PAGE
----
Privately run surgery centres for NHS patients proposedBMJ 2003; 327 doi: https://doi.org/10.1136/bmj.327.7416.640-e (Published 18 September 2003) Cite this as: BMJ 2003;327:640
The UK government announced last week that private companies have been invited to negotiate contracts to run 26 new treatment centres throughout England.
The 24 centres and two mobile units will perform non-urgent surgery, including knee and hip replacements and cataract surgery, on NHS patients. They will add to more than 20 diagnostic and treatment centres already functioning; these, however, are all managed by the NHS.
The government announced a shortlist of preferred providers to run the treatment centres, including two companies from the United Kingdom, two from the United States, two from South Africa, and one from Canada. They are being invited to negotiate final contracts, which will only be agreed if they provide the required value for money, with the aim of having some of the services functioning by early 2004 and the programme being fully operational by 2005.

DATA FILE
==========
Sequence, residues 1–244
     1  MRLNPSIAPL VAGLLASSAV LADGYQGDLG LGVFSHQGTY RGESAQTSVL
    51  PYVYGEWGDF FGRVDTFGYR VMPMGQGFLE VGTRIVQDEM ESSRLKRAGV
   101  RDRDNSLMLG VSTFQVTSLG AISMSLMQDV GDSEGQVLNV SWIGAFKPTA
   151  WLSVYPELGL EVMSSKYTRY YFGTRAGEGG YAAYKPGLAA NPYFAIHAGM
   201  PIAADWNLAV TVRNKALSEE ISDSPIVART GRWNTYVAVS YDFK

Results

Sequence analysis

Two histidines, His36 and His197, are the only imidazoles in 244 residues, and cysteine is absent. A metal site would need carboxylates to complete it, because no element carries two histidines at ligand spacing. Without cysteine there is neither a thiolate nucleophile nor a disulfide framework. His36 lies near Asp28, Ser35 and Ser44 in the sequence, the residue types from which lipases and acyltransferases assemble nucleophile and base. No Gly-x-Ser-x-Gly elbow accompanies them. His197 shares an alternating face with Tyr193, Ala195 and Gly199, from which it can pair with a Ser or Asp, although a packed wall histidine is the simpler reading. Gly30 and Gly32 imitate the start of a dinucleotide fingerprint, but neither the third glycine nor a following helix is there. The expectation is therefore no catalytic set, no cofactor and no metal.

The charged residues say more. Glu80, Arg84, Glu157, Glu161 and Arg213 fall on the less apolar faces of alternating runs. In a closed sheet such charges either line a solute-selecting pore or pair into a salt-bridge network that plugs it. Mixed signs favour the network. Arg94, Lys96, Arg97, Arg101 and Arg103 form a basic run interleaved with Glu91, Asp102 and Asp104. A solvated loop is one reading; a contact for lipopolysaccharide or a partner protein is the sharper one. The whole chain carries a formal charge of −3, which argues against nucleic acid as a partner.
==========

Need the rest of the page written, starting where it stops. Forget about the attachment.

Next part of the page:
The government claimed that the centres would reduce waiting times for routine surgery. The health secretary, John Reid, said: “Tens of thousands of NHS patients will have their operations quicker as a result of this initiative, free at the point of use. The new treatment centres are just one part of the reforms that are helping to increase capacity in the NHS at an unprecedented rate.
“But although the NHS is growing quickly, even more capacity is needed to ensure that patients wait no longer than six months by the end of 2005. That is why we are working with the independent sector to provide additional operations to cut waiting times for NHS patients.”
It is estimated that the independent treatment centres will provide 250 000 operations a year–the transfer of 115 000 operations already planned by the NHS and 135 000 additional procedures.
Organisations representing health professionals were concerned that the treatment centres could destabilise the NHS by poaching staff. BMA chairman James Johnson said, “Any move that truly increases capacity and provides extra operations over and above what the NHS can do at the moment is good news for patients. However, there is a big but: diagnostic treatment centres must not take staff or resources away from NHS hospitals.”
He added, “There is no point of having up to 70% of the staff in direct treatment centres coming from the NHS, if that leaves hospitals short of doctors to carry out all the other work that trusts provide for patients around the clock.”
The department of health said that contracts will state that those providing the new centres cannot poach staff. A spokesperson said that the staff mix will include personnel from overseas, independent staff and staff seconded from the NHS at the request of purchasers.